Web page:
4 ference. Write See attached in the left margin next to line 12. Note. If the recipient was not a financial institution or you did not receive a Form 1098 from the recipient, report your deductible mortgage interest on line 13. If you at least one other person (other than your spouse if you file a joint return) were liable for paid interest on the mortgage, the other person received Form 1098, report your share of the interest on line 13. Attach a statement to your return showing the name address of the person who received Form In the left margin next to line 13, write See attached. Line 14 You may deduct the cost of repairs made to keep your property in good working condition. Repairs generally do not add significant value to the property or extend its life. Examples of repairs are fixing a broken lock or painting a room. Improvements that increase the value of the property or extend its life, such as replacing a roof or renovating a kitchen, must be capitalized depreciated (i.e., they cannot be deducted in full in the year they are paid or incurred). See the instructions for line 20. Line 17 You may deduct the actual cost of ordinary necessary telephone calls that are related to your rental activities or royalty income (e.g., calls to the renter). However, the base rate (including taxes other charges) for local telephone service for the first telephone line into your residence is a personal expense is not deductible. Line 20 Depreciation is the annual deduction you must take to recover the cost or other basis of business or investment property having a useful life substantially beyond the tax year. L is not depreciable. Depreciation starts when you first use the property in your business or for the production of income. It ends when you take the property out of service, deduct all your depreciable cost or other basis, or no longer use the property in your business or for the production of income. See the Instructions for Form 4562 to figure the amount of depreciation to enter on line 20. Be sure to fill in the Totals column. You must complete attach Form 4562 only if you are claiming: Depreciation on property first placed in service during 1999; Depreciation on listed property (defined in the Instructions for Form 4562), including a vehicle, regardless of the date it was placed in service; or A section 179 expense deduction or amortization of costs that began in See Pub. 527 for more information on depreciation of residential rental property. See Pub. 946 for a more comprehensive guide to depreciation. If you own mineral property or an oil, gas, or geothermal well, you may be able to take a deduction for depletion. See Pub. 535 for details. Line 22 At-Risk Rules Generally, you must complete Form 6198 to figure your allowable loss if you have: A loss from an activity carried on as a trade or business or for the production of income, Amounts in the activity for which you are not at risk. The at-risk rules generally limit the amount of loss (including loss on the disposition of assets) you can claim to the amount you could actually lose in the activity. However, the at-risk rules do not apply to losses from an activity of holding real property, if you acquired your interest in the activity before 1987 the property was placed in service before The activity of holding mineral property does not qualify for this exception. In most cases, you are not at risk for amounts such as: Nonrecourse loans used to finance the activity, to acquire property used in the activity, or to acquire your interest in the activity that are not secured by your own property (other than property used in the activity). However, there is an exception for certain nonrecourse financing borrowed by you in connection with holding real property. See Qualified nonrecourse financing below. Cash, property, or borrowed amounts used in the activity (or contributed to the activity, or used to acquire your interest in the activity) that are protected against loss by a guarantee, stop-loss agreement, or other similar arrangement (excluding casualty insurance insurance against tort liability). Amounts borrowed for use in the activity from a person who has an interest in the activity (other than as a creditor) or who is related, under Internal Revenue Code section 465(b)(3), to a person (other than you) having such an interest. E-3 Qualified nonrecourse financing is treated as an amount at risk if it is secured by real property used in an activity of holding real property that is subject to the at-risk rules. Qualified nonrecourse financing is financing for which no one is personally liable for repayment is: Borrowed by you in connection with holding real property, Not convertible from a debt obligation to an ownership interest, Loaned or guaranteed by any Federal, state, or local government, or borrowed by you from a qualified person. A qualified person is a person who actively regularly engages in the business of lending money, such as a bank or savings loan association. A qualified person cannot be: Related to you (unless the nonrecourse financing obtained is commercially reasonable on the same terms as loans involving unrelated persons), or The seller of the property (or a person related to the seller), or A person who receives a fee due to your investment in real property (or a person related to that person). If you have amounts for which you are not at risk, use Form 6198 to determine the amount of your deductible loss. Enter that amount in the appropriate column of Schedule E, line 22. In the space to the left of line 22, write Form Attach Form 6198 to your return. Line 23 Note. Do not complete line 23 if the amount on line 22 is from royalty properties. If you have a rental real estate loss from a passive activity (defined later), the amount of loss you can deduct may be limited by the passive activity loss rules. You may need to complete Form 8582 to figure the amount of loss, if any, to enter on line 23. If your rental real estate loss is not from a passive activity OR you meet the following exception, you do not have to complete Form Enter the loss from line 22 on line 23. Exception for Certain Rental Real Estate Activities. If you meet ALL THREE of the following conditions, your rental real estate losses are not limited by the passive activity loss rules. If you do not meet ALL THREE of these conditions, see the Instructions for Form 8582 to find out if you must complete attach Form Rental real estate activities are your only passive activities.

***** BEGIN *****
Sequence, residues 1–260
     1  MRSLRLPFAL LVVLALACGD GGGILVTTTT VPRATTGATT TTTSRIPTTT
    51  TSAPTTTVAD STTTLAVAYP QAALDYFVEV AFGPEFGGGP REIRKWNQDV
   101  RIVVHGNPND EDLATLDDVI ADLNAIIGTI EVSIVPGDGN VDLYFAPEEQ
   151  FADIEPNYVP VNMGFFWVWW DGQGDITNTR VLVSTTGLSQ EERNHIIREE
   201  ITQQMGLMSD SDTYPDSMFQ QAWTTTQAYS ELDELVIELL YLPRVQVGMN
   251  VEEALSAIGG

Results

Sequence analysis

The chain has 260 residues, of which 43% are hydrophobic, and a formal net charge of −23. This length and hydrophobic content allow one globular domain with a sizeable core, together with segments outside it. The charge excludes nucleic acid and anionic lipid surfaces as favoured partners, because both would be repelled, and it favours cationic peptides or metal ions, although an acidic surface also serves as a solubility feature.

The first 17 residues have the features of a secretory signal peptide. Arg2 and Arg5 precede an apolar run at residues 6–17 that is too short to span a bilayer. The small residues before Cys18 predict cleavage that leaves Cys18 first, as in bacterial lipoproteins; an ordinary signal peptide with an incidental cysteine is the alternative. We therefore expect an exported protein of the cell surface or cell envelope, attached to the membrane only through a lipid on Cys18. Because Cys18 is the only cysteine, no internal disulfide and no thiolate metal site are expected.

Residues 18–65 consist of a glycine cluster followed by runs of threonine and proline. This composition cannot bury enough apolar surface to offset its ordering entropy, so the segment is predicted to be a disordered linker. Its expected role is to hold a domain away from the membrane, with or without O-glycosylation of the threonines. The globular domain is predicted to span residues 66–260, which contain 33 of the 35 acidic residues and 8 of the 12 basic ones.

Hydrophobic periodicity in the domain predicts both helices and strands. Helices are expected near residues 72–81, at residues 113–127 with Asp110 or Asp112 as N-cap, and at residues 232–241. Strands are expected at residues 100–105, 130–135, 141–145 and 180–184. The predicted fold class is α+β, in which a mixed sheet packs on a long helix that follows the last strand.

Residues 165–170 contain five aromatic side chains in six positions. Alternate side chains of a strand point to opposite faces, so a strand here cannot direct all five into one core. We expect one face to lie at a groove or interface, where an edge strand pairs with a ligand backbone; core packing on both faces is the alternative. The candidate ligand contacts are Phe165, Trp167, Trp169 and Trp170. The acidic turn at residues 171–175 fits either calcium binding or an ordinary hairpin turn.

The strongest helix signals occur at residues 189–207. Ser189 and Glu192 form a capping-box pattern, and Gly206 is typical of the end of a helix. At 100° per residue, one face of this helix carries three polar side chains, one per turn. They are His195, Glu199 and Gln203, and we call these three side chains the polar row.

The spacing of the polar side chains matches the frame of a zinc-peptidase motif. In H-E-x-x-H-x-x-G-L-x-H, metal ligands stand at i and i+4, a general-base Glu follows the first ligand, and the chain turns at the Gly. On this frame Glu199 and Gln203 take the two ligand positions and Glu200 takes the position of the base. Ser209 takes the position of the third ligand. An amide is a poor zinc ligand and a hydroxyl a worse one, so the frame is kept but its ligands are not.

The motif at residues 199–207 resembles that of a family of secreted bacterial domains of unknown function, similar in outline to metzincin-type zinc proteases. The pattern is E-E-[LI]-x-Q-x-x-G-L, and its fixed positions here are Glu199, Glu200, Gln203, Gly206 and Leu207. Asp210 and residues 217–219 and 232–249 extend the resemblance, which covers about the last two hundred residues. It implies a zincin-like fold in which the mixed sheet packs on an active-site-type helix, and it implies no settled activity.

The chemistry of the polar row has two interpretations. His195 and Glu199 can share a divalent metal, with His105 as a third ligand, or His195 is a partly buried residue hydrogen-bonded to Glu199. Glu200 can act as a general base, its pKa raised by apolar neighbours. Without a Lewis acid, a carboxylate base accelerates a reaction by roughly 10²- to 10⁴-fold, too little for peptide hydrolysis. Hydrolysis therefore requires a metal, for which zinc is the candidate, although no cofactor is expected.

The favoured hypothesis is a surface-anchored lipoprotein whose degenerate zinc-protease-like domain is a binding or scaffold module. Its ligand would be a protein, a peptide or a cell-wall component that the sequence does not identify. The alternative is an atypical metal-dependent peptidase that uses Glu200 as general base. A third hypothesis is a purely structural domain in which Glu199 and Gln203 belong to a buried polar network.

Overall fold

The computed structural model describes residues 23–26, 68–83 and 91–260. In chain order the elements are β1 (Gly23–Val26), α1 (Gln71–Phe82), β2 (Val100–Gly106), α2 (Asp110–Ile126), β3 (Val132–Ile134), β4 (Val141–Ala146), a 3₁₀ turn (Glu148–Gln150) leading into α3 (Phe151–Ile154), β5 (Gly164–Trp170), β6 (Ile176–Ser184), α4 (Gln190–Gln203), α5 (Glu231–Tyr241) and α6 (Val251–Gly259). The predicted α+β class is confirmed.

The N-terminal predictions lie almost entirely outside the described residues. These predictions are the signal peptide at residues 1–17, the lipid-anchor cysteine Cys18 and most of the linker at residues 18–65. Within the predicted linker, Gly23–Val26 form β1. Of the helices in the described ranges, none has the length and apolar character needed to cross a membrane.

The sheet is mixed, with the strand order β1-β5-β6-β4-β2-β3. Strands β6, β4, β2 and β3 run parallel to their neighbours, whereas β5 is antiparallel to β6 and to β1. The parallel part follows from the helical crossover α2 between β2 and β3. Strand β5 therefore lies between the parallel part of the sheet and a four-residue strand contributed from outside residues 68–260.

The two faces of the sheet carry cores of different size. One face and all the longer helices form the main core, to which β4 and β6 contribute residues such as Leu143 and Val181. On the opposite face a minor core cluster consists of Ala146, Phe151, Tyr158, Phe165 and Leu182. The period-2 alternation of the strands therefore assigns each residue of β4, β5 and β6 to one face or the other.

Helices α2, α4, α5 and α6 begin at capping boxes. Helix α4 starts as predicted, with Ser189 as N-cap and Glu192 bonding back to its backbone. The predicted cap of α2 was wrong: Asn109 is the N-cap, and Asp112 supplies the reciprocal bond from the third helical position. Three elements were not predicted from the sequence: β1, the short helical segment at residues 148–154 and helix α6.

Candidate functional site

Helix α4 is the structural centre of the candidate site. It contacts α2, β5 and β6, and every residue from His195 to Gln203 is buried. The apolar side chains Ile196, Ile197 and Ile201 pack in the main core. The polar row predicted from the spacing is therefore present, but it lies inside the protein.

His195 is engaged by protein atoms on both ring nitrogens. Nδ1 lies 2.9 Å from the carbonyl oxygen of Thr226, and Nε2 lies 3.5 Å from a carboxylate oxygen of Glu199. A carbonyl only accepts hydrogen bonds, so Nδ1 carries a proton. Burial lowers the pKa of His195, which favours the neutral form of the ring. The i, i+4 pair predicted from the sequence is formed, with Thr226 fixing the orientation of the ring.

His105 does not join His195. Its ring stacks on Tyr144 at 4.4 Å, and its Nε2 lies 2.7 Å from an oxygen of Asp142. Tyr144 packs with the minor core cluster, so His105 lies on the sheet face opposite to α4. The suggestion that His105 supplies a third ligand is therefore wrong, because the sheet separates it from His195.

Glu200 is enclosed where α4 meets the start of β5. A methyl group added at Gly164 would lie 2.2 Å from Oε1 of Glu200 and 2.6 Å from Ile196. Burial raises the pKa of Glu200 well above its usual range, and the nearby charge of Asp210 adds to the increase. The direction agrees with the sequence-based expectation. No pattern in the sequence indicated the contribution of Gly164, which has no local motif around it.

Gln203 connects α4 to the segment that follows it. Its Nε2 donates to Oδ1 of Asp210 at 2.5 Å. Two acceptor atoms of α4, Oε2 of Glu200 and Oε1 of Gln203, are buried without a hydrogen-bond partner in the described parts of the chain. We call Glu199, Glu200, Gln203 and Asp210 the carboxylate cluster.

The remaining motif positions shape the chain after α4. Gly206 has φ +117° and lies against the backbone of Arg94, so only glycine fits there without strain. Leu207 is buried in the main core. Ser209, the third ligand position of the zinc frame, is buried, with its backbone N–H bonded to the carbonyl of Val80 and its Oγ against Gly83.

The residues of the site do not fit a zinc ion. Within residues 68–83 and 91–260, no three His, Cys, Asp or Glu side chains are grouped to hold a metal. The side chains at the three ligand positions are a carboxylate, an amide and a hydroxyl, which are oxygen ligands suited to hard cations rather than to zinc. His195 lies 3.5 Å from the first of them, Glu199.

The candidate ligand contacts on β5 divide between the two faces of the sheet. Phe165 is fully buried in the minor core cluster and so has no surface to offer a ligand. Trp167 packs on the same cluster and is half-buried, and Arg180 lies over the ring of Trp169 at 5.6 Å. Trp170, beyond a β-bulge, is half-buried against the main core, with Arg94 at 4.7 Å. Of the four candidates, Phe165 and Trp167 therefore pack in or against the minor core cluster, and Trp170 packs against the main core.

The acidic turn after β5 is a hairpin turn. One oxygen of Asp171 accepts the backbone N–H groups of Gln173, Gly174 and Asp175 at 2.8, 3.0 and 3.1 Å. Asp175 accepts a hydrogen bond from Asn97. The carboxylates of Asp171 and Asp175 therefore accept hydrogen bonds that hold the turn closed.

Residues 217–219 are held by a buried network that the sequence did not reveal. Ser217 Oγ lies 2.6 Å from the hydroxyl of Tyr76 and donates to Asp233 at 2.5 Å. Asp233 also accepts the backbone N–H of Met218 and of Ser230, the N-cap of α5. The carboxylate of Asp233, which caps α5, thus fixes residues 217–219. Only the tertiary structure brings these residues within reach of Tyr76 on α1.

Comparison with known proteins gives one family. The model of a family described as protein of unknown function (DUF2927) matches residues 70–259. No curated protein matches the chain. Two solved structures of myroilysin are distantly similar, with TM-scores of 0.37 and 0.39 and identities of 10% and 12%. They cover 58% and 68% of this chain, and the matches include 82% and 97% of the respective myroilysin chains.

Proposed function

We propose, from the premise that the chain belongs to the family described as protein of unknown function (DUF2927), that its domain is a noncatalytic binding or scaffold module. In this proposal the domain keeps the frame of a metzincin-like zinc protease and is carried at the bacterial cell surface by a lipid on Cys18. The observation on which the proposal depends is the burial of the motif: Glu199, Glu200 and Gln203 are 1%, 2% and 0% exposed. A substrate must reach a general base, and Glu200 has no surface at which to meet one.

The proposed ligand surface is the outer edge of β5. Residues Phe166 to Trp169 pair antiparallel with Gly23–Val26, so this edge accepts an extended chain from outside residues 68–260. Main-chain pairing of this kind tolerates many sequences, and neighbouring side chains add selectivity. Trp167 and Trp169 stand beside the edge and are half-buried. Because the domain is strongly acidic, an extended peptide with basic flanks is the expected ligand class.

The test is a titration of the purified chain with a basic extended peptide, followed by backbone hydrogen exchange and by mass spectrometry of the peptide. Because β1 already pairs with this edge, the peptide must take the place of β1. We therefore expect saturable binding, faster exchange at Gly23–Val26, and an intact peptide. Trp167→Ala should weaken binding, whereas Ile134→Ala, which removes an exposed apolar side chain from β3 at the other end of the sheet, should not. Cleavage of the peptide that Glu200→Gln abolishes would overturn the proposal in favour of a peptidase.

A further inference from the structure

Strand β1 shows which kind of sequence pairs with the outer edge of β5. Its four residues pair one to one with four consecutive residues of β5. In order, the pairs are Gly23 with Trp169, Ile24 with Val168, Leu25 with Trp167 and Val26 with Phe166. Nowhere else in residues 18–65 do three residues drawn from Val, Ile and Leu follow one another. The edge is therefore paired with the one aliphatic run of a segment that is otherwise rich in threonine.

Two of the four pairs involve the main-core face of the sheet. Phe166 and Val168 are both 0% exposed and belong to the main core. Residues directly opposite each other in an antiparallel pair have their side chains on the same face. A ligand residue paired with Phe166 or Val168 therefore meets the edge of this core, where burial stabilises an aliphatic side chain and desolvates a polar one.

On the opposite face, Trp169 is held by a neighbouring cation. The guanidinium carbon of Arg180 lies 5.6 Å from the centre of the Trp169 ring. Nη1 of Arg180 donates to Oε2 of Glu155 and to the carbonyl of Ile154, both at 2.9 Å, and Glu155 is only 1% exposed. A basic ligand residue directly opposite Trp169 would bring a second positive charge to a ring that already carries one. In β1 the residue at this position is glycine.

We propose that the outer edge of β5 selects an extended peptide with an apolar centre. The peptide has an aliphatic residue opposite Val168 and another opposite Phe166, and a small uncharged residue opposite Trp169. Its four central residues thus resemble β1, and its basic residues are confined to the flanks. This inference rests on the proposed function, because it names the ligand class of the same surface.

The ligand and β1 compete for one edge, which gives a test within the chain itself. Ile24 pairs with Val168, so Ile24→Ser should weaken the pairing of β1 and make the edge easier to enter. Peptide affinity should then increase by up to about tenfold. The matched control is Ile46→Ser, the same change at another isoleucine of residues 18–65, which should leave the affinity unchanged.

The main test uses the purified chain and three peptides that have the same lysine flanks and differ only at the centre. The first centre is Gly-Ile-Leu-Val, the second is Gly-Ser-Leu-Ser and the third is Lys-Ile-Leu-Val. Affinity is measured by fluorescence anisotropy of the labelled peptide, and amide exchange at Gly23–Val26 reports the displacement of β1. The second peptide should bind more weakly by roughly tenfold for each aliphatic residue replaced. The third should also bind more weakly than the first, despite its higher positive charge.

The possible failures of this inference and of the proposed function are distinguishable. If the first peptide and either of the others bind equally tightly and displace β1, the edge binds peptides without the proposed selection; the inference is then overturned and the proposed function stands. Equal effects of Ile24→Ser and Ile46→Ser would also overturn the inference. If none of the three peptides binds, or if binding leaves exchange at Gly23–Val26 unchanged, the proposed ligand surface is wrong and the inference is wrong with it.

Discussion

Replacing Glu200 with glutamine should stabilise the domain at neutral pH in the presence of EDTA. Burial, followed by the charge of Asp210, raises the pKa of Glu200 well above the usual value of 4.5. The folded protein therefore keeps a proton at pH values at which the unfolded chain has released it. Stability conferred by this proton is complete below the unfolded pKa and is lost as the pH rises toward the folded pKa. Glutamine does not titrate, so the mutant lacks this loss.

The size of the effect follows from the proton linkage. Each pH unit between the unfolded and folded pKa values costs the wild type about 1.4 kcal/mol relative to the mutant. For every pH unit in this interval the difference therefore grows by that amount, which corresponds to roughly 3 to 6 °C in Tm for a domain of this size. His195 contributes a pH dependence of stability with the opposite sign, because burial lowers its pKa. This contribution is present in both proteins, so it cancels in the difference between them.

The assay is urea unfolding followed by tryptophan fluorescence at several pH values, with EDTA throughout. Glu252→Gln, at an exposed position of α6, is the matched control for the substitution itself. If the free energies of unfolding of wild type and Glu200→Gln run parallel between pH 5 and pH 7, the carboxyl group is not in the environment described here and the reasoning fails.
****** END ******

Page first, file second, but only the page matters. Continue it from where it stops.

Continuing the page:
5 2. You do not have any prior year unallowed losses from any passive activities. 3. All of the following apply if you have an overall net loss from these activities: You actively participated (defined later) in all of the rental real estate activities; If married filing separately, you lived apart from your spouse all year; Your overall net loss from these activities is $25,000 or less ($12,500 or less if married filing separately); You have no current or prior year unallowed credits from passive activities; Your modified adjusted gross income (defined later) is $100,000 or less ($50,000 or less if married filing separately). Active Participation. You can meet the active participation requirement without regular, continuous, substantial involvement in real estate activities. But you must have participated in making management decisions or arranging for others to provide services (such as repairs) in a significant bona fide sense. Such management decisions include: Approving new tenants. Deciding on rental terms. Approving capital or repair expenditures. Other similar decisions. You are not considered to actively participate if, at any time during the tax year, your interest (including your spouse s interest) in the activity was less than 10% by value of all interests in the activity. Modified Adjusted Gross Income. This is your adjusted gross income from Form 1040, line 33, without taking into account: Any passive activity loss. Rental real estate losses allowed under the exception for real estate professionals (explained on this page). Taxable social security or equivalent railroad retirement benefits. Deductible contributions to an IRA or certain other qualified retirement plans under Internal Revenue Code section 219. The student loan interest deduction. The deduction for one-half of selfemployment tax. The exclusion of amounts received under an employer s adoption assistance program. However, if you file Form 8815, include in your modified adjusted gross income the savings bond interest excluded on line 14 of that form. Passive Activity Loss Rules The passive activity loss rules may limit the amount of losses you can deduct. These rules apply to losses in Parts I, II, III, line 39 of Schedule E. Losses from passive activities may be subject first to the at-risk rules. Losses deductible under the at-risk rules are then subject to the passive activity loss rules. You generally can deduct losses from passive activities only to the extent of income from passive activities. An exception applies to certain rental real estate activities (as previously explained). Passive Activity. A passive activity is any business activity in which you do not materially participate any rental activity, except as provided on this page. If you are a limited partner, you generally are not treated as having materially participated in the partnership s activities for the year. The rental of real or personal property is generally a rental activity under the passive activity loss rules, but exceptions apply. If your rental of property is not treated as a rental activity, you must determine whether it is a trade or business activity, if so, whether you materially participated in the activity for the tax year. See the Instructions for Form 8582 to determine whether you materially participated in the activity for the definition of rental activity. See Pub. 925 for special rules that apply to rentals of: Substantially nondepreciable property. Property incidental to development activities. Property to activities in which you materially participate. Exception for Real Estate Professionals. If you were a real estate professional in 1999, any rental real estate activity in which you materially participated is not a passive activity. You were a real estate professional only if you met both of the following conditions: 1. More than half of the personal services you performed in trades or businesses were performed in real property trades or businesses in which you materially participated, 2. You performed more than 750 hours of services in real property trades or businesses in which you materially participated. For purposes of this rule, each interest in rental real estate is a separate activity, unless you elect to treat all your interests in rental real estate as one activity. To make this election, attach a statement to your original tax return that declares you are a qualifying taxpayer for the year you are making the election under Internal Revenue Code E-4 section 469(c)(7)(A). The election applies for the year made all later years in which you are a real estate professional. You may revoke the election only if your facts circumstances materially change. If you are married filing jointly, either you or your spouse must separately meet both of the above conditions, without taking into account services performed by the other spouse. A real property trade or business is any real property development, redevelopment, construction, reconstruction, acquisition, conversion, rental, operation, management, leasing, or brokerage trade or business. Services you performed as an employee are not treated as performed in a real property trade or business unless you owned more than 5% of the stock (or more than 5% of the capital or profits interest) in the employer. If you were a real estate professional for 1999, complete line 42 on page 2 of Schedule E. Other Exceptions. The rental of your home that you also used for personal purposes is not a passive activity. See the instructions for line 2. A working interest in an oil or gas well that you hold directly or through an entity that does not limit your liability is not a passive activity even if you do not materially participate. Royalty income not derived in the ordinary course of a trade or business reported on Schedule E generally is not considered income from a passive activity. For more details on passive activities, see the Instructions for Form 8582 Pub Parts II III If you need more space in Part II or III to list your income or losses, attach a continuation sheet using the same format as shown in Part II or III. However, be sure to complete the Totals columns for lines 28a 28b, or lines 33a 33b, as appropriate. If you also completed Part I on more than one Schedule E, use the same Schedule E on which you entered the combined totals in Part I. Tax Shelter Registration Number. Complete attach Form 8271 if you are reporting any deduction, loss, credit, other tax benefit, or income from an interest purchased or otherwise acquired in a tax shelter. Form 8271 is used to report the name, tax shelter registration number, identifying number of the tax shelter. There is a $250 penalty if you do not report the registration number of the tax shelter on your tax return.